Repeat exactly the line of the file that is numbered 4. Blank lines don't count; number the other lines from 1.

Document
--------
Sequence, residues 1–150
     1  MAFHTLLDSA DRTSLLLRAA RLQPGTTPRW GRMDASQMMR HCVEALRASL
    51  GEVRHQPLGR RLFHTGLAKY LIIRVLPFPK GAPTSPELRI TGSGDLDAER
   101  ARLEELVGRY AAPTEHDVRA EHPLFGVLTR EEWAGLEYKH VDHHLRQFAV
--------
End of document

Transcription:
   101  ARLEELVGRY AAPTEHDVRA EHPLFGVLTR EEWAGLEYKH VDHHLRQFAV